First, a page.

The Alumni Association is honoring 21 NC State professors with the 2013 Faculty Awards for their outstanding work in the classroom, in the laboratory and in the field. We talked (via email) with some of the recipients about their work and the keys to being a successful professor.
Today we’re visiting with Chris Anson, University Distinguished Professor of English in the College of Humanities and Social Sciences. Anson, who is also director of the Campus Writing & Speaking Program, is one of two professors being recognized as Alumni Association Distinguished Graduate Professors.
What prompted you to become a professor? My fascination with writing — how it works, how it’s learned, how it varies across a vast array of disciplinary, professional, and social contexts — took me first into a master’s in creative writing and then into a doctoral program in the then-nascent field of writing studies. In both those programs, I also started teaching first-year students how to be stronger and more self-aware writers. Although I might have pursued a career in industry or publishing, it was these first experiences working closely with students that drew me into the professoriate, where I could continue my research on the nature and acquisition of writing while also contributing to the education of college students. Before long, I was working with graduate students as a mentor both in their research and in their own development as teachers.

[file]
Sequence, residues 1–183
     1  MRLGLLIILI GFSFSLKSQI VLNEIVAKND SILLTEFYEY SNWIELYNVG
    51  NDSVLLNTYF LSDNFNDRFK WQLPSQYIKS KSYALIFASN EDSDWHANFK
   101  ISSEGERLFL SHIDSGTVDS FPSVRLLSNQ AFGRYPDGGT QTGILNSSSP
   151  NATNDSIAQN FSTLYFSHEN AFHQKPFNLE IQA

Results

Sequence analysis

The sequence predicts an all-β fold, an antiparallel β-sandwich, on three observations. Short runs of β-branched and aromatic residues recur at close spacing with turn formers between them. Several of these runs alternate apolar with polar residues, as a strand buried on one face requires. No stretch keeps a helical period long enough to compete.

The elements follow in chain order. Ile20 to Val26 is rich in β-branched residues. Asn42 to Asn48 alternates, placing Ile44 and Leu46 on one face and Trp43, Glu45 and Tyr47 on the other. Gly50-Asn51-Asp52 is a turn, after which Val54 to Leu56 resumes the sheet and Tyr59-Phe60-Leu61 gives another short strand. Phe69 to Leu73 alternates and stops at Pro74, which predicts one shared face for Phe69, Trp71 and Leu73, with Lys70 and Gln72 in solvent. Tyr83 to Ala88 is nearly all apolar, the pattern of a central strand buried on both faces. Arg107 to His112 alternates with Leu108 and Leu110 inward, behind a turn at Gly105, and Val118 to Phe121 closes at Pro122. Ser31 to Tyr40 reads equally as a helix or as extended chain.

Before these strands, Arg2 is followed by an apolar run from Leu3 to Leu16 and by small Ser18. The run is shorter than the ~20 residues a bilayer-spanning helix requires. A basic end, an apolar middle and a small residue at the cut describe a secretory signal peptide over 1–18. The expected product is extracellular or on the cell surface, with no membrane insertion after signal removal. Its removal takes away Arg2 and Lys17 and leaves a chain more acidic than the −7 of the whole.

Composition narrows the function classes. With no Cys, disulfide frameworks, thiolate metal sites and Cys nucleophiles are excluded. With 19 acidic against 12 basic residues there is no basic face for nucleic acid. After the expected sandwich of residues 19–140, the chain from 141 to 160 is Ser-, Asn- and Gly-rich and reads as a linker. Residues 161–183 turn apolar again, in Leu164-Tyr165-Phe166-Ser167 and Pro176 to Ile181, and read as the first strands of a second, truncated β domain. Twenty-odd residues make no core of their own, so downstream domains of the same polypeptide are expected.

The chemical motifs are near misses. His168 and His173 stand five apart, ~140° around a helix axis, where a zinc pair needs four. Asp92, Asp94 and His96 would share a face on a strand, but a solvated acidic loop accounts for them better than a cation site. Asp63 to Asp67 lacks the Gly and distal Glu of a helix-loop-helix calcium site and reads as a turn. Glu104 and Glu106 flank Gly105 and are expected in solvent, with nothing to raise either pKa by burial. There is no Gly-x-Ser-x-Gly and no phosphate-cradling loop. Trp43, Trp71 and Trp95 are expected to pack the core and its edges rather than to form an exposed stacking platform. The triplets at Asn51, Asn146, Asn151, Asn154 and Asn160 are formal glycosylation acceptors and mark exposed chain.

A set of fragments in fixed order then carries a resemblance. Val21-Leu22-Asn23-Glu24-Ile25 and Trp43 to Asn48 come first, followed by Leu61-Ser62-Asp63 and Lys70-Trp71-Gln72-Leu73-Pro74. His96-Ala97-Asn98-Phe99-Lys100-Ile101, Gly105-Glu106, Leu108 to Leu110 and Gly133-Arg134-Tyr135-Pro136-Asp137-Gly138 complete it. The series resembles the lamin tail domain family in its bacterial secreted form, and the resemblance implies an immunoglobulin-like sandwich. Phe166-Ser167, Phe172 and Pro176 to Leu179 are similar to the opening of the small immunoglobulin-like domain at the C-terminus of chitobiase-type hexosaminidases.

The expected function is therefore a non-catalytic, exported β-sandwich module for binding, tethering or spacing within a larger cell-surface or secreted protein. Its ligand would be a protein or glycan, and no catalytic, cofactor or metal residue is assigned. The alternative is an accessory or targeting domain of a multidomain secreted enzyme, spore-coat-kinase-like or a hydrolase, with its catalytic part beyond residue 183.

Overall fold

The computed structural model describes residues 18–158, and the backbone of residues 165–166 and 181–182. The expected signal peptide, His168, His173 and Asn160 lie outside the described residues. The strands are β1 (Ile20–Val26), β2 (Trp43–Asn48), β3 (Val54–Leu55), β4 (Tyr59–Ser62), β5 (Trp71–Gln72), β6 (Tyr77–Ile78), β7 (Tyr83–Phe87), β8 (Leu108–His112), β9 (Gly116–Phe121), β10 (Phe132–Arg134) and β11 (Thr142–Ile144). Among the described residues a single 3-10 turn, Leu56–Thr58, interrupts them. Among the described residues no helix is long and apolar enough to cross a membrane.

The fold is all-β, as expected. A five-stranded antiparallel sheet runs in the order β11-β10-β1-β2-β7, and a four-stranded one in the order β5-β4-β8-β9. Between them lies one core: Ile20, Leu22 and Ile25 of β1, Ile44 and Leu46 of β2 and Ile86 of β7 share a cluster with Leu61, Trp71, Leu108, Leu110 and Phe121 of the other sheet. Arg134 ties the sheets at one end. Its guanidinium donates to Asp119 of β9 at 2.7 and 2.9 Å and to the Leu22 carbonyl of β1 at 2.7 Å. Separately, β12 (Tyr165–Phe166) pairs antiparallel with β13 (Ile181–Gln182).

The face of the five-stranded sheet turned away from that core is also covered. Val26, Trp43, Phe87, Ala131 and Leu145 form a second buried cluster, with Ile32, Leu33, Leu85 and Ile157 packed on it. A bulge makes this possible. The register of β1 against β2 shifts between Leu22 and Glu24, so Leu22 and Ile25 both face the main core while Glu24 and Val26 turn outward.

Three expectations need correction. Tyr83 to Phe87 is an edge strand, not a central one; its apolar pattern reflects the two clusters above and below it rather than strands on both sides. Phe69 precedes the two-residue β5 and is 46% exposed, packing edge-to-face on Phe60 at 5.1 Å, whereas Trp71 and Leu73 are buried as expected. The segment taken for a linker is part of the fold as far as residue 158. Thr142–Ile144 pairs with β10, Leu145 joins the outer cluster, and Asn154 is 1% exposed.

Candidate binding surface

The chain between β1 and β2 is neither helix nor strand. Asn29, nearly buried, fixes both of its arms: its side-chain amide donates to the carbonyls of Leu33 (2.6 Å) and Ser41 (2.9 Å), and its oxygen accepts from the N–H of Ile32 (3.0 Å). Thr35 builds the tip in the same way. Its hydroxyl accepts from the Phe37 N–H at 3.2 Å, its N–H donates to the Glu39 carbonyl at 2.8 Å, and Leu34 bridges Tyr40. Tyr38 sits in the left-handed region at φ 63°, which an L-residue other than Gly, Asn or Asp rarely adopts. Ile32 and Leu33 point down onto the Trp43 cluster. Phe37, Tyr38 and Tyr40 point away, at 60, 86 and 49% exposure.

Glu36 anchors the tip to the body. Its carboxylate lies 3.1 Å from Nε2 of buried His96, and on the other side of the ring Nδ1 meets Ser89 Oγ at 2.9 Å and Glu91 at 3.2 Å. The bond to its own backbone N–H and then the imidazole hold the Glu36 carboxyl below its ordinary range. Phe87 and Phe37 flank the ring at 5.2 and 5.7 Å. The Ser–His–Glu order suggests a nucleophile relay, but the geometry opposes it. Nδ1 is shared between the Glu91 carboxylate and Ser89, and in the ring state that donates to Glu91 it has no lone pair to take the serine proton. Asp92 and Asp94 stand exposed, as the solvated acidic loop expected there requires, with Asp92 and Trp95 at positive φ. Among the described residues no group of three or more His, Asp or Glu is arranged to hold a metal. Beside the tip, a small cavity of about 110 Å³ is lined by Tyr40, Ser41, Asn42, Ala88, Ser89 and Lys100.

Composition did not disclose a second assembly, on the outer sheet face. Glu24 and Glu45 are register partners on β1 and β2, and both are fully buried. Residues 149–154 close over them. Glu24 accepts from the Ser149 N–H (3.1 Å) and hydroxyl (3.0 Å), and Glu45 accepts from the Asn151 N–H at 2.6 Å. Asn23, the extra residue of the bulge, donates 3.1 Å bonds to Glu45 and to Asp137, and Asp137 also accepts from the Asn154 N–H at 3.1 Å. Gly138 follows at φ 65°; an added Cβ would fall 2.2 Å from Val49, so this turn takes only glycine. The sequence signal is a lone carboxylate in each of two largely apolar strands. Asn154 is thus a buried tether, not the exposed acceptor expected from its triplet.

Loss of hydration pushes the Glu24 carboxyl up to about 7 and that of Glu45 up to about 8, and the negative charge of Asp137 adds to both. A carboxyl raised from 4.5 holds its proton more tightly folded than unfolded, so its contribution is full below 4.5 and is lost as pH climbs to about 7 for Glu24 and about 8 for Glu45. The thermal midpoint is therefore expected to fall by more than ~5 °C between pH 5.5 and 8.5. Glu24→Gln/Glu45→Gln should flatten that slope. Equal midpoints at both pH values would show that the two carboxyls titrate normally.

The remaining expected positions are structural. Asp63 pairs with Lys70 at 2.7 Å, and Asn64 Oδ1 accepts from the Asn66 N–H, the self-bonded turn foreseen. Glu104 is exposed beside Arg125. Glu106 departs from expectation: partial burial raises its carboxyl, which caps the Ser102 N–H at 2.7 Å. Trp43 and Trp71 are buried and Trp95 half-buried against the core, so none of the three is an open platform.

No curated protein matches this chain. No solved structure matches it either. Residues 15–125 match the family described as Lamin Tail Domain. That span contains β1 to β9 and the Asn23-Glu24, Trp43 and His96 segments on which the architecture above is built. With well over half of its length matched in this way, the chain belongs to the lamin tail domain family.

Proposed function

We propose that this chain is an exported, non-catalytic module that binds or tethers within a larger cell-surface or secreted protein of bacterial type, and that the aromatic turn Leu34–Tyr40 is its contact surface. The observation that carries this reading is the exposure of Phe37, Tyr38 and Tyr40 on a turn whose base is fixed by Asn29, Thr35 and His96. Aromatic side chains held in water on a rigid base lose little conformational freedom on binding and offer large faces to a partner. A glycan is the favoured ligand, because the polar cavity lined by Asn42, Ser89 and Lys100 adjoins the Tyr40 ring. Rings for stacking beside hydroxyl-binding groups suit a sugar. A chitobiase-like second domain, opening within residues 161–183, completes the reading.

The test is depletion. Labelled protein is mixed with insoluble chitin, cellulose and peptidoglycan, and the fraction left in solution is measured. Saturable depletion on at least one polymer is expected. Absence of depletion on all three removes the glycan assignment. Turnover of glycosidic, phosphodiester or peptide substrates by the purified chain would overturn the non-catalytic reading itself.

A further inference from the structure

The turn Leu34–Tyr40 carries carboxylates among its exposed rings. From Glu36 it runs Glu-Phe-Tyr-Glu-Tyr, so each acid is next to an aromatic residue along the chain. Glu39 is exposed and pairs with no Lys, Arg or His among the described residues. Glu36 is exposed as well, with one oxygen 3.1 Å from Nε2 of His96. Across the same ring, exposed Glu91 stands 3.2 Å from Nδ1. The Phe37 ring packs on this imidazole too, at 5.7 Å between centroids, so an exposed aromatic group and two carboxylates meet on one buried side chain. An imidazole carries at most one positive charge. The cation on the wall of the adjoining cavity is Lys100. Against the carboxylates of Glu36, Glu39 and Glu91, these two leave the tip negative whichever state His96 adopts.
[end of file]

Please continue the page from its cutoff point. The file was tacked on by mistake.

What are the keys to being a successful teacher/professor? It’s tempting for us to focus our attention and energy inward, and to see ourselves and our knowledge as the key to students’ learning. Only when we start thinking about the students and what they bring into the classroom, and what they do to learn the complex and challenging skills and knowledge of our courses, do we begin to understand how to teach. This principle often gets translated into catchy phrases that characterize our role, such as “sage on the stage vs. guide by the side,” or “ref. vs. coach.” But these phrases do point to a deep ideological difference between assuming it’s completely up to the students to figure out how to learn the material, or putting in the energy to help them be successful learners, using a wide range of tools and methods. There’s deep value in being attentive to what best facilitates students’ learning, and to finding ways to get “windows” into their learning process (for example, through brief, low-stakes writing assignments designed more as a medium for learning than as a test of what’s already been learned).
What gives you the greatest satisfaction as a professor? Engagement. That is, when students become completely engaged in the material of my course and when their intellectual growth becomes visible as a result. I get great satisfaction from carefully working out a process or a set of activities or an assignment that yields visible student engagement and deep thinking. With graduate students, this often involves thinking or working together as co-researchers. I also love to see the transformative results of students’ learning, when they say or demonstrate that our work has changed them and caused them to see something differently and more deeply. Finally, teaching isn’t something one learns early on and then enacts the same way for an entire career. The conditions of teaching, the students we teach, our disciplines, and the social contexts of learning all continue to evolve, which makes teaching a lifelong, intellectually engaging challenge.